When it comes to cuddling time, Beagles love being lapdogs. They want their hugs and cuddles. But then- Just like that- off they go. Their hunting instinct also gives them a sense of independence and curiosity to explore.
Remember, they are a nose with feet, so they want to go around searching for new smells or make sure familiar smells are in the right place.
Will My Vet Bill Buy Them A New Building?
Frenchies are prone to a lot of health problems due to their genetic makeup. According to Dog Time, French Bulldogs are one of the Brachycephalic (Brak-E-So-Fal-ic) types of dogs. Due to their big heads and short muzzles, they can have sinus issues that may require surgery.
They can also suffer from bone, joint, and spine issues throughout their lifetime as well. Speak to your veterinarian about nutritional and other methods that can minimize your dog's risk of developing these problems.
Conversely, Beagles are generally hearty dogs. Health problems that have shown up include joint and eye issues.
Since these dogs are so popular, make sure your new best friend is coming from a reliable breeder to avoid health problems that come from overbreeding.
Let's Play The Sitting Game
Training techniques for the French Bulldog require a firm, consistent, positive, and patient owner. The earlier you start the better.
Frenchies have an "eager to please" mentality, but like most bulldog breeds, have a streak of stubbornness in them.
The AKC recommends using food motivations and making a game out of training to keep them cooperative and motivated.
Beagles are thinkers, can get bored easily, and their noses can get them in trouble. If you are considering a Beagle, make sure you have at least a 5 ft. fence or better so they cannot jump over it.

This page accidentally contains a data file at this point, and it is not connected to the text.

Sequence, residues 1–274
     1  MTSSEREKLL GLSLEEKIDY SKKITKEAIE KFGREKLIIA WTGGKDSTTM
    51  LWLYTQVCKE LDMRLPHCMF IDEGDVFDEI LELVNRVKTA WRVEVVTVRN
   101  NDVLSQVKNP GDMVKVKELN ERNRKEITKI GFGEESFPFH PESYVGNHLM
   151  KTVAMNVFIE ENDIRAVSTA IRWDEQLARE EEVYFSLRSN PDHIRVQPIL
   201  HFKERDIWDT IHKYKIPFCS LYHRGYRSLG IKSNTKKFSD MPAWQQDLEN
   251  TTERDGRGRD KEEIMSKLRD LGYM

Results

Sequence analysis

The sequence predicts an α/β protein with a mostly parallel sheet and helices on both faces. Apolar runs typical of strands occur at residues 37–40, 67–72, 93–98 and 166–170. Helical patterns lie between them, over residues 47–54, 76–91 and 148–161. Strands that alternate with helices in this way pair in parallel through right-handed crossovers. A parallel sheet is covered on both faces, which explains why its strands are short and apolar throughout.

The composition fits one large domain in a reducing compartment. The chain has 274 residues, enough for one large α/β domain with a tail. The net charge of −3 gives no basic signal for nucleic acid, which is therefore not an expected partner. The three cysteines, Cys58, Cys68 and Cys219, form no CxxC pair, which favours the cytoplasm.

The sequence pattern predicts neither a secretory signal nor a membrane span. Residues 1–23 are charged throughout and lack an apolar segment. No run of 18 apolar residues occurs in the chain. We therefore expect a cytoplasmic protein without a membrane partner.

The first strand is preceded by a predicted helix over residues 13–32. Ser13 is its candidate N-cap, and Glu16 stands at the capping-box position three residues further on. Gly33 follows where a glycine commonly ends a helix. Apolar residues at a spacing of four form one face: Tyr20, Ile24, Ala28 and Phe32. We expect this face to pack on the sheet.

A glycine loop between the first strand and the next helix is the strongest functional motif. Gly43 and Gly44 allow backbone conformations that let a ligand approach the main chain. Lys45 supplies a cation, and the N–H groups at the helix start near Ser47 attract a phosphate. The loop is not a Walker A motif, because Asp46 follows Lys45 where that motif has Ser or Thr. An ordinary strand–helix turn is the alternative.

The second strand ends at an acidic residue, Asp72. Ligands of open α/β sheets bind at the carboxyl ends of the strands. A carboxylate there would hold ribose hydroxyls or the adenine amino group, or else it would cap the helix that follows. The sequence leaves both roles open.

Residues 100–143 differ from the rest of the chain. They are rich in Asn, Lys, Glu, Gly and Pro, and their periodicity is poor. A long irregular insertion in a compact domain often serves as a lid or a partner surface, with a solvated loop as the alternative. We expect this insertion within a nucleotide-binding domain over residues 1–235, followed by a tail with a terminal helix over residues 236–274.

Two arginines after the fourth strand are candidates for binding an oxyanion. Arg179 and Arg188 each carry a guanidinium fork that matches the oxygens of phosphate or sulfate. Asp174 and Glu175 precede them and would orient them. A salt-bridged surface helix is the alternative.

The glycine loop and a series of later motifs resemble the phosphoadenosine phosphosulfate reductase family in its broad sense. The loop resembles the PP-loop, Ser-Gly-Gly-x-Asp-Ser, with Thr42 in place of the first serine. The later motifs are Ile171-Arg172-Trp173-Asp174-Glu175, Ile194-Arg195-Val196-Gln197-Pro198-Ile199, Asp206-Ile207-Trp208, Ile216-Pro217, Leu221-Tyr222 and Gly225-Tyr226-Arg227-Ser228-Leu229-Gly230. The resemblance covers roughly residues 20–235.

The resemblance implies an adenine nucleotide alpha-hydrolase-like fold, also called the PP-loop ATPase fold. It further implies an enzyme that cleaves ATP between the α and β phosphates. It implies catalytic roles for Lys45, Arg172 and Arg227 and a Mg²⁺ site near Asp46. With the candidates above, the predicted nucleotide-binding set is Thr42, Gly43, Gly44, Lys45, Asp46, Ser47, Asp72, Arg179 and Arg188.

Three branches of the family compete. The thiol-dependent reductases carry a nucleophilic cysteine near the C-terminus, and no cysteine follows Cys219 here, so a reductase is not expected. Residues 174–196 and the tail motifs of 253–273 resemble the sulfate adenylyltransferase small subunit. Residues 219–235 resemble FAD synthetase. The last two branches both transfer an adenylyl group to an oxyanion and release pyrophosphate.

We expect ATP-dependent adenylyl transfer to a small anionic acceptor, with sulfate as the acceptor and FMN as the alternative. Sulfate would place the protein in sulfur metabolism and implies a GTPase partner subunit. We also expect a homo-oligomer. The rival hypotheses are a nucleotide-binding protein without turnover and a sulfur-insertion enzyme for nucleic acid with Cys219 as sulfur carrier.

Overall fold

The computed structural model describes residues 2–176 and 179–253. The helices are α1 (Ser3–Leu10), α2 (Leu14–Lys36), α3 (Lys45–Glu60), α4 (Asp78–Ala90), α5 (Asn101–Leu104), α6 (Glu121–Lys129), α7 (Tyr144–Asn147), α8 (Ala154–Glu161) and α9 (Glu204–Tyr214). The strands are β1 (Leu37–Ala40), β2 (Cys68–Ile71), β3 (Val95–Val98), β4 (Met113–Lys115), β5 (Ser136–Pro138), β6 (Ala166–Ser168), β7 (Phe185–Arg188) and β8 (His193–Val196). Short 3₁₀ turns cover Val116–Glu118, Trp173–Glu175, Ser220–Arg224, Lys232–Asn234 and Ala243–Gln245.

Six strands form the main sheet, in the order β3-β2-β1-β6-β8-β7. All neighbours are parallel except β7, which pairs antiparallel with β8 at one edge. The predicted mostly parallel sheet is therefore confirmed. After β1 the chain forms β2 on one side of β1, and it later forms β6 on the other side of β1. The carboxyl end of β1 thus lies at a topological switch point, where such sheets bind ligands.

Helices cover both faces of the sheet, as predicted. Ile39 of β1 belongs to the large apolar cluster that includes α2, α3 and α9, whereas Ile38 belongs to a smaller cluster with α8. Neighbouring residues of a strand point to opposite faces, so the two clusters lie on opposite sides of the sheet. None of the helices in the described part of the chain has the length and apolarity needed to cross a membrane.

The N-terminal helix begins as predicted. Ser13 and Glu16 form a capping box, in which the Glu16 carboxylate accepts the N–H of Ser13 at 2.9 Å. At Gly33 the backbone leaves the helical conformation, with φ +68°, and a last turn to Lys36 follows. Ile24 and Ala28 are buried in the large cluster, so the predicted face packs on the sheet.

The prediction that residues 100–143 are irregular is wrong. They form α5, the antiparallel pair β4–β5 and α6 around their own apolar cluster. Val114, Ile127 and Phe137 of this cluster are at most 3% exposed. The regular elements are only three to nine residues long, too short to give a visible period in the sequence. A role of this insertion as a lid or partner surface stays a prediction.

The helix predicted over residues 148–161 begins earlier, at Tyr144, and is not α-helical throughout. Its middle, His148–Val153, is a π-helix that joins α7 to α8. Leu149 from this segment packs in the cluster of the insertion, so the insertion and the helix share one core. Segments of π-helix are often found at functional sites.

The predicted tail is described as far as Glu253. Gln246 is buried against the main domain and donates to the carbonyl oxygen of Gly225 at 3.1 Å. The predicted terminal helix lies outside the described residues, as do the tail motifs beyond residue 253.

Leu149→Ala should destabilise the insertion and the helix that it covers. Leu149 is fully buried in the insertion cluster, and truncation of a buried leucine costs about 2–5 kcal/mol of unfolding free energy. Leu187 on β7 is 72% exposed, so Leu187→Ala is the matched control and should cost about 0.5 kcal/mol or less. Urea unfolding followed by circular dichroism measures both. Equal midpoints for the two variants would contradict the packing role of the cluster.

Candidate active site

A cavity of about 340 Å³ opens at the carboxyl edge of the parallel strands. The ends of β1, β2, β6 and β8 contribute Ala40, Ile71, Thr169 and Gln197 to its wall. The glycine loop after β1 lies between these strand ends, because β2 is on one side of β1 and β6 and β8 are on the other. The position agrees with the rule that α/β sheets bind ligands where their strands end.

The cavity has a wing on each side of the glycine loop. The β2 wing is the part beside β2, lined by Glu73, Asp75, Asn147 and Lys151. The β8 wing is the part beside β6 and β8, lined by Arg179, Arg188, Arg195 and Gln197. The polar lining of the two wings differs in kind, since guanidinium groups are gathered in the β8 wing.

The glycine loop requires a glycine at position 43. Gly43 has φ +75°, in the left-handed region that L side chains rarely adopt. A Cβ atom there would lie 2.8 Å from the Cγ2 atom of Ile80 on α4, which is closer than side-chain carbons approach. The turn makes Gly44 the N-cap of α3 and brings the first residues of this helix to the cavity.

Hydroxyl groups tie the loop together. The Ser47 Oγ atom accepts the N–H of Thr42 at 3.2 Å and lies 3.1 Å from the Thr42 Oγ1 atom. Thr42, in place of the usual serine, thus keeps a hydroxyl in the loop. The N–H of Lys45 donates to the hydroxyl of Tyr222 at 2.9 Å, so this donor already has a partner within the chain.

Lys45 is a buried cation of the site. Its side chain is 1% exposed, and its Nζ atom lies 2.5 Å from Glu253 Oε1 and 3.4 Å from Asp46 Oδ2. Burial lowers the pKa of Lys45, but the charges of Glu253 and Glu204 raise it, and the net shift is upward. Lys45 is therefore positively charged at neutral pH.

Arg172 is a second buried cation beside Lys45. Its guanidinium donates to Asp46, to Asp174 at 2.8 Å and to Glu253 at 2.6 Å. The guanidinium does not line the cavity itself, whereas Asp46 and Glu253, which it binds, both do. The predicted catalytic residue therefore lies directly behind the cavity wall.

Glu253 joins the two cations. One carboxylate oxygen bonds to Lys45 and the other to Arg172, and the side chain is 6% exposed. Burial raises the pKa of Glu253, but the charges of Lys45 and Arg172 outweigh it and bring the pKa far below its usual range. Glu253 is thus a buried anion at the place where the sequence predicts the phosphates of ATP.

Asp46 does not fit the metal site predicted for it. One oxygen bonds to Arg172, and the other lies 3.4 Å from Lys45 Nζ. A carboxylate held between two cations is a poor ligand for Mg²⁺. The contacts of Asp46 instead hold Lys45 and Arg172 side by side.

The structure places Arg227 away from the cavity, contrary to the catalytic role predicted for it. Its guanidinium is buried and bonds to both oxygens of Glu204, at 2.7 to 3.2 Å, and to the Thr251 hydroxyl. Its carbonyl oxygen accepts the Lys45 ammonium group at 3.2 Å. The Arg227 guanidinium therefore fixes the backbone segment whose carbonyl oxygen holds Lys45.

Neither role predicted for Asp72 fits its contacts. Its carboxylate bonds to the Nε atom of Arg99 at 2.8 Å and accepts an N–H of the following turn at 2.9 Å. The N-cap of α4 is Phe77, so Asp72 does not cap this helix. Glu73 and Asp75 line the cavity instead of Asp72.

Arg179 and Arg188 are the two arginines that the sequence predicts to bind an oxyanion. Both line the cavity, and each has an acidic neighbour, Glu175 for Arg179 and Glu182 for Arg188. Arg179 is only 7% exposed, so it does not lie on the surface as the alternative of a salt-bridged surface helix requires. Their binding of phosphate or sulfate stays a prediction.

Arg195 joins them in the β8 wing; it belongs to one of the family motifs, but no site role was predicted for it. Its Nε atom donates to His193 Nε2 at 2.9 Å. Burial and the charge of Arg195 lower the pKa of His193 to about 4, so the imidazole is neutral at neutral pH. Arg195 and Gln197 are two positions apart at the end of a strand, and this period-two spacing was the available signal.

No matter how well they are trained, if they are on a scent, no amount of training will recall them. Remember, they have 220 million scent receptors.
Negative training techniques will shut a Beagle down. Creative, positive reward training is the best way to go. Beagles have been trained by Homeland Security to hunt down many dangerous things in airports, along our borders, and other secure areas.
Training your Beagle to sit, stay, and do their business outside is achievable with patience and consistency. Contact a certified dog trainer in your area if you need assistance with training techniques.
It's The Dog's House, I Just Pay For It
French Bulldogs can live almost anywhere. In their early existence, they were popular among the city dwellers of Paris.
Today, they are popular in some of the most popular cities like New York, Los Angeles, Chicago, and other major metropolitan areas. Avoid places with extreme temperatures. With their short fur, they can become cold, or too hot.
If you bring your Frenchie with you to your winter home in Florida, make sure you keep him or her in the air conditioning.
Some experts believe that the word "beagle" comes from the french word "begueule," which means open throat.
The Beagle not only likes to bark, but has three different types of bark: Barking, Baying, and Howling. Working Beagles use these three different noises on the trail to identify the game.
It is loud and can be heard far away. If you do not have patient neighbors, your Beagle could create unwelcomed feelings between you and your neighborhood.
Beagles prefer open space. They need to run out their energy. Suburbs that do not have restrictions and rural areas are ideal for this breed.
Regular walks or jogs can help them release this energy and take care of that daily steps-per-day goal you have.
Picturing Yourself With Your New Best Friend
Frenchies and Beagles have different needs and traits. The French Bulldog is quiet and a people pleaser. They will lay at your feet while you are finishing that budget report at home.
The Beagle is a medium-sized dog that will help you walk off the stress of the day when you get home. At the end of the day, they will lay in your lap on the couch in between double-checking the kitchen floor for any missed human food treats.
Either way, you will have a devoted four-legged companion that can be a goofball that your family will love and will steal your heart forever.
As a freelance pet writer and blogger, Shannon is passionate about crafting knowledge-based, science-supported articles that foster healthy bonds of love and respect between people and animals. But her first and very most important job is as a dog auntie and cockatiel, tortoise, and box turtle mama.